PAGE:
Technical session talks from ICRA 2012
TechTalks from event: Technical session talks from ICRA 2012
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Distributed Coverage with Mobile Robots on a Graph: Locational OptimizationThis paper presents a decentralized algorithm for coverage with mobile robots on a graph. Coverage is an important capability of multi-robot systems engaged in a number of different applications, including placement for environmental modeling, deployment for maximal quality surveillance, and even coordinated construction.We use distributed vertex substitution for locational optimization, and the controllers minimize the corresponding cost function. We prove that the proposed controller with two-hop communication guarantees convergence to the locally optimal configuration. We evaluate the algorithms in simulations and compare them to the coverage algorithm in a continuous domain.
An Approach to Multi-Agent Area Protection Using Bayes RiskWe introduce a novel approach to controlling the motion of a team of agents so that they jointly minimize a cost function utilizing Bayes risk. We use a particle-based approach and approximations that allow us to express the optimization problem as a mixed-integer linear program. We illustrate this approach with an area protection problem in which a team of mobile agents must intercept mobile targets before the targets enter a specified area. Bayes risk is a useful measure of performance for applications where agents must perform a classification task. By minimizing Bayes risk, agents are able to explicitly account for the cost of incorrect classification. In our application, a team of mobile agents must classify potential mobile targets as threat or safe based on the likelihood the targets will enter the specified area. The agents must also maneuver to intercept targets that are classified as threat.
On Coordination in Practical Multi-Robot PatrolMulti-robot patrol is a fundamental application of multi-robot systems. While much theoretical work exists providing an understanding of the optimal patrol strategy for teams of coordinated, homogeneous robots, little work exists on building and evaluating the performance of such systems in the real world. In this paper, we evaluate the performance of multi-robot patrol in a practical outdoor robotic system, and evaluate the effect of different coordination schemes on the performance of the robotic team, which is influenced by their communication capabilities and degree of heterogeneity. We specifically focus on frequency-based multi-robot patrol along a cyclic route specified by a set of GPS-waypoints. The multi-robot patrol algorithms evaluated vary in the level of coordination of the robots: no coordination, loose coordination, and strong coordination. In addition, we evaluate versions of these algorithms that distribute state information---either individual state, or state of the entire team (global state). Our experiments show that while strong coordination was theoretically proven to be optimal, in practice uncoordinated patrol performed better in terms of average waypoint visitation frequency. Furthermore, loosely coordinated patrol that shares only individual state outperformed all other coordination schemes in terms of worst-case frequency, and it performed significantly better than a loosely coordinated algorithm based on sharing global-view state. We respond t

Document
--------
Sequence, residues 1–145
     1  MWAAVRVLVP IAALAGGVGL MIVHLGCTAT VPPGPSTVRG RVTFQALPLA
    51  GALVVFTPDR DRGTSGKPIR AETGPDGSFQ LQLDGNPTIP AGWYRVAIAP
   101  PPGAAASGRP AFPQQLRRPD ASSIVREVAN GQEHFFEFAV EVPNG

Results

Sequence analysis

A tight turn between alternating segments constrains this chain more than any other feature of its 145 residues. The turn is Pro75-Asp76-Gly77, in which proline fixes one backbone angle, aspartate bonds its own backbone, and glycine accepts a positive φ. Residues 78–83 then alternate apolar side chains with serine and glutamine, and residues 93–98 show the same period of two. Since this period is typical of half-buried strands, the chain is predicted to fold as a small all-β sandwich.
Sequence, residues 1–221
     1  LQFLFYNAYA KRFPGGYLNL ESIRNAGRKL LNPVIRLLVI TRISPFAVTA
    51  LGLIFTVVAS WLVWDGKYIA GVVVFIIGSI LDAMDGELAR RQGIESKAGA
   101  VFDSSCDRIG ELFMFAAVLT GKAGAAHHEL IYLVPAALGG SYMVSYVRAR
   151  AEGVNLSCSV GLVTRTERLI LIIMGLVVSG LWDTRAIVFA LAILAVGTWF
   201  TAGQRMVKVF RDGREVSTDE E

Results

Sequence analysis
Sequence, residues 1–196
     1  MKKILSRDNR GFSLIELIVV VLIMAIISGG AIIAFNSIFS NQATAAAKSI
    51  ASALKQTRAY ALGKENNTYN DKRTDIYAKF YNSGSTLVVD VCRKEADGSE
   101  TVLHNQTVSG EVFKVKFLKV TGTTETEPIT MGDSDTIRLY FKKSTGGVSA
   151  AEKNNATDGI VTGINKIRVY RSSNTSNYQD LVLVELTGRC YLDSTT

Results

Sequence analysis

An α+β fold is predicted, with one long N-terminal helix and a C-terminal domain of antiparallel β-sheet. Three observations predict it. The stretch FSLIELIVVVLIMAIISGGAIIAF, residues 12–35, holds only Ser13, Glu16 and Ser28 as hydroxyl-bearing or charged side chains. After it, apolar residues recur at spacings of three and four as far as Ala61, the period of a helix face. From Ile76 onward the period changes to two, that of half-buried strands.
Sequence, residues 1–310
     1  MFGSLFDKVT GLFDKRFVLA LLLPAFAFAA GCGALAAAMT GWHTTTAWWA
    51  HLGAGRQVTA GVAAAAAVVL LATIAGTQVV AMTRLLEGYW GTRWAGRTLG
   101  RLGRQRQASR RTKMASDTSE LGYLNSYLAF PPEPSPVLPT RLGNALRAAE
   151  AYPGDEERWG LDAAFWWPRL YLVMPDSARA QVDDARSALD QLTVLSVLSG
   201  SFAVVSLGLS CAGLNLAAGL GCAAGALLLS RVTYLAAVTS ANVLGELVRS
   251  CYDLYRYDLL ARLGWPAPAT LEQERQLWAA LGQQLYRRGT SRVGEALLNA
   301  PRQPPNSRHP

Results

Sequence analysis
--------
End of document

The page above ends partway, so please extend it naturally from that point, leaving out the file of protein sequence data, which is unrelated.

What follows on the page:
Adaptive Sampling Using Mobile Sensor NetworksThis paper presents an adaptive sparse sampling approach and the corresponding real-time scalar field reconstruction method using mobile sensor networks. Traditionally, the sampling methods collect measurements without considering possible distributions of target signals. A feedback driven algorithm is discussed in this paper, where new measurements are determined based on the analysis of existing observations. The information amount of each potential measurement is evaluated under a sparse domain based on compressive sensing framework given all existing information shared among networked mobile sensors, and the most informative one is selected. The efficiency of this information-driven method falls into the information maximization for each individual measurement. The simulation results show the efficacy and efficiency of this approach, where a scalar field is recovered.
Coverage Control of Mobile Sensors for Adaptive Search of Unknown Number of TargetsWe present a multiscale adaptive search algorithm for efficiently searching an unknown number of stationary targets using a team of multiple mobile sensors. We first derive a Spectral Multiscale Coverage (SMC) control law for a Dubins vehicle model. Given a search prior, the SMC control gives rise to uniform coverage dynamics for the mobile sensors such that the amount of time spent observing a region is proportional to finding a target in it. In order to make the search robust to sensor uncertainties and Automatic Target Detection algorithm errors (i.e. false alarm, missed detections), we combine the SMC control with decision and estimation theoretic techniques. As new targets are discovered we use the Sequential Ratio Probability Test and Recursive Least Squares estimation to quantify the current uncertainty in target detection and location, respectively. This uncertainty is used to update the search prior so as to balance exploitation (reduce uncertainty in state of already discovered potential targets) and exploration (discover new targets). We demonstrate this adaptive search methodology in a high fidelity simulation environment and show an improved performance over lawnmower type search.